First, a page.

NOW, THEREFORE, I, BARACK OBAMA, President of the United States of America, by virtue of the authority vested in me by the Constitution and the laws of the United States, do hereby proclaim March 2011 as Women's History Month. I call upon all Americans to observe this month and to celebrate International Women's Day on March 8, 2011 with appropriate programs, ceremonies, and activities that honor the history, accomplishments, and contributions of American women. I also invite all Americans to visit to learn more about the generations of women who have shaped our history.

IN WITNESS WHEREOF, I have hereunto set my hand this twenty-eighth day of February, in the year of our Lord two thousand eleven, and of the Independence of the United States of America the two hundred and thirty-fifth.

Barack Obama


Feature Image - Small: Womens History Month
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Feature Image 1 - Caption: Women's History Month 2011: Our History is Our Strength
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Area: Europe
Headline: Military Teens Click at Website
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Date: October 19, 2010
Byline: Terri Barnes
Source Name: Stars and Stripes
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FeatureLead: They're brats and proud of it, and they're connecting on "Military Teen" a new website

They're brats and proud of it, and they're connecting on "Military Teen" a new website initiated by Vernessa Neu, an Army brat turned Navy wife and mother of four.

Blog and forum topics range from step-parents and deployment to bullying and "Beowulf."

In a discussion board, young participants have no trouble completing the sentence, "You know you're a military kid when …" with thoughts like:

  • People ask you where you're from and you don't know what to tell them, because you've never actually lived where you were born.
  • You cry when your dad comes home cause it's proof he's still alive.
  • You argue with others that the term "brat" is actually very endearing.

Vernessa grew up in the Army and later joined the Navy. Now a full-time wife and mom stationed with her husband in Japan, Vernessa was inspired by one of her daughters to create an online community for military kids.

While preparing for a move, she and her oldest daughter went online to research prospective schools. Vernessa said her daughter was skeptical about the standard school-search sites.

"She said, 'That's what old people think. It doesn't mean it's really going to be that way. I'm not going to know anyone there,'" Vernessa said. She realized her daughter needed more than facts and figures about a new school.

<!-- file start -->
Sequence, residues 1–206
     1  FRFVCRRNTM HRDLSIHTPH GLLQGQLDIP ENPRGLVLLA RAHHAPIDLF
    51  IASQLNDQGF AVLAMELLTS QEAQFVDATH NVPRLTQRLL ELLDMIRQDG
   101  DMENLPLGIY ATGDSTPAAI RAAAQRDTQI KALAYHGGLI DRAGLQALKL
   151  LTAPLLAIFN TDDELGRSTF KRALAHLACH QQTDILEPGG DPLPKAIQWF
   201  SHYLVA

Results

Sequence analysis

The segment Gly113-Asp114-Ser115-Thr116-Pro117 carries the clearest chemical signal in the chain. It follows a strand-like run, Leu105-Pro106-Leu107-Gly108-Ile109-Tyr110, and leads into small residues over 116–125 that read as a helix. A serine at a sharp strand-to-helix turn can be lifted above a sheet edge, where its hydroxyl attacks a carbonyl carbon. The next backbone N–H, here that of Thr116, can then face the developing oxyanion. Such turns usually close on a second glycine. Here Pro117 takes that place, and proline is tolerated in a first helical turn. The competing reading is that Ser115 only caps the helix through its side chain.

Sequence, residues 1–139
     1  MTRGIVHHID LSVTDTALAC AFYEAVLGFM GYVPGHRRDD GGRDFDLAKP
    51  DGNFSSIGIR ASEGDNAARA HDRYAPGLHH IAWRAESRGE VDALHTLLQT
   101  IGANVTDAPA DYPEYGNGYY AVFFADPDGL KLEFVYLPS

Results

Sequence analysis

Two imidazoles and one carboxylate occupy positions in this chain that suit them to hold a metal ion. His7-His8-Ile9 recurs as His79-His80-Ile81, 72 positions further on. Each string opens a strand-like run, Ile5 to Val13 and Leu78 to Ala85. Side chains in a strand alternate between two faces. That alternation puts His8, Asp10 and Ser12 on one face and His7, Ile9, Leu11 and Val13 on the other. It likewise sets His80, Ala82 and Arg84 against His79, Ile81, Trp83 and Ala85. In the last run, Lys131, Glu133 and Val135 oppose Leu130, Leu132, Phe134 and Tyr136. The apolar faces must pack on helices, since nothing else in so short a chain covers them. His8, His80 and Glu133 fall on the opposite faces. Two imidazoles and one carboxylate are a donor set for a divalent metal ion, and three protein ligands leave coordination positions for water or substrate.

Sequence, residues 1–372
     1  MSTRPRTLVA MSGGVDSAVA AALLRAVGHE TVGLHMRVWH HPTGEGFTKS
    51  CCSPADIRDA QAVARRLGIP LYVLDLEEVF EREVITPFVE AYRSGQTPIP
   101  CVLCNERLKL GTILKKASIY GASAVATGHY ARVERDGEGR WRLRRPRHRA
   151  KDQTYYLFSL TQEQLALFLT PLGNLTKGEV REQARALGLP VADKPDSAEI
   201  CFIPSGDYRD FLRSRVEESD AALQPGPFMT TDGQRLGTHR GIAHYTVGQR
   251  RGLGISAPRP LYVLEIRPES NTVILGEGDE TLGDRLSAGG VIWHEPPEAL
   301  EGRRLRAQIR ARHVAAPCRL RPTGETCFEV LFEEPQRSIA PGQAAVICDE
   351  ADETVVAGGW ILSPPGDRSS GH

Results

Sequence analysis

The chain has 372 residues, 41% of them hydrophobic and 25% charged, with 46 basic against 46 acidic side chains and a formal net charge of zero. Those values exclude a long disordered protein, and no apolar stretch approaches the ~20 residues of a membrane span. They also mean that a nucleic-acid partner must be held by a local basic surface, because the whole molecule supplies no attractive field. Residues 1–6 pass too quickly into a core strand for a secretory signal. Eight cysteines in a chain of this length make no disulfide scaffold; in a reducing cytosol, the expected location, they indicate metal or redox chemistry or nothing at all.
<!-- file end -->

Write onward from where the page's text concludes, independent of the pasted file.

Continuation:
"I remember that feeling of isolation and loneliness when we had to move when I was in high school," said Vernessa. "I remember how tough it was and how difficult it was to reconnect," she said.

More than a year ago, Vernessa imagined a site where military teens could connect with their peers to talk about places they've lived and share the challenges of their lifestyle.

Imagination became reality when Military Teen went online this summer at

Providing information about schools from a student's perspective is only one of the site's functions, said Vernessa, who serves as moderator and webmaster.

"There are lots of ways for kids to connect, express themselves, ask questions, get advice."

"The issues I m hoping to address are the constant moving and starting new schools, having to leave friends behind, new relationships and trying to keep the old relationships, having parents away, having both parents away, missing family," she said.

The transition to college is another important subject.

"I talked to one teen on the site," Vernessa said. "She's never lived stateside . . . and she's applying for colleges in California. What a challenge that's going to be. The first time she ever lives stateside, and she's going to be on her own."

Military high-schoolers living in the U.S. also have challenges – and fewer opportunities to connect with other military kids.

"Overseas we are so concentrated. When you're stateside, you are separated. Some of them don't live near military bases at all," she said, particularly children of reservists or recruiters.

Students at DODDS high schools daily rub elbows with peers from military families, but military teens in the States are much more isolated.

The goal of the site is to encourage teens, no matter where they live, to talk freely about their needs and experiences, said Vernessa.

"I've been there, and I know how it is. I'm just hoping to find a way to get them to open up and to connect."

Vernessa envisions the site as a springboard for face-to-face conferences where large groups of military kids can meet and share their lives.

"The website is just a beginning. I hope to expand it and meet their needs, not only virtually, but also in the military community."

More information, and more of "You know you're a military kid when ... " can be found at or from Vernessa at info@militaryteenonline.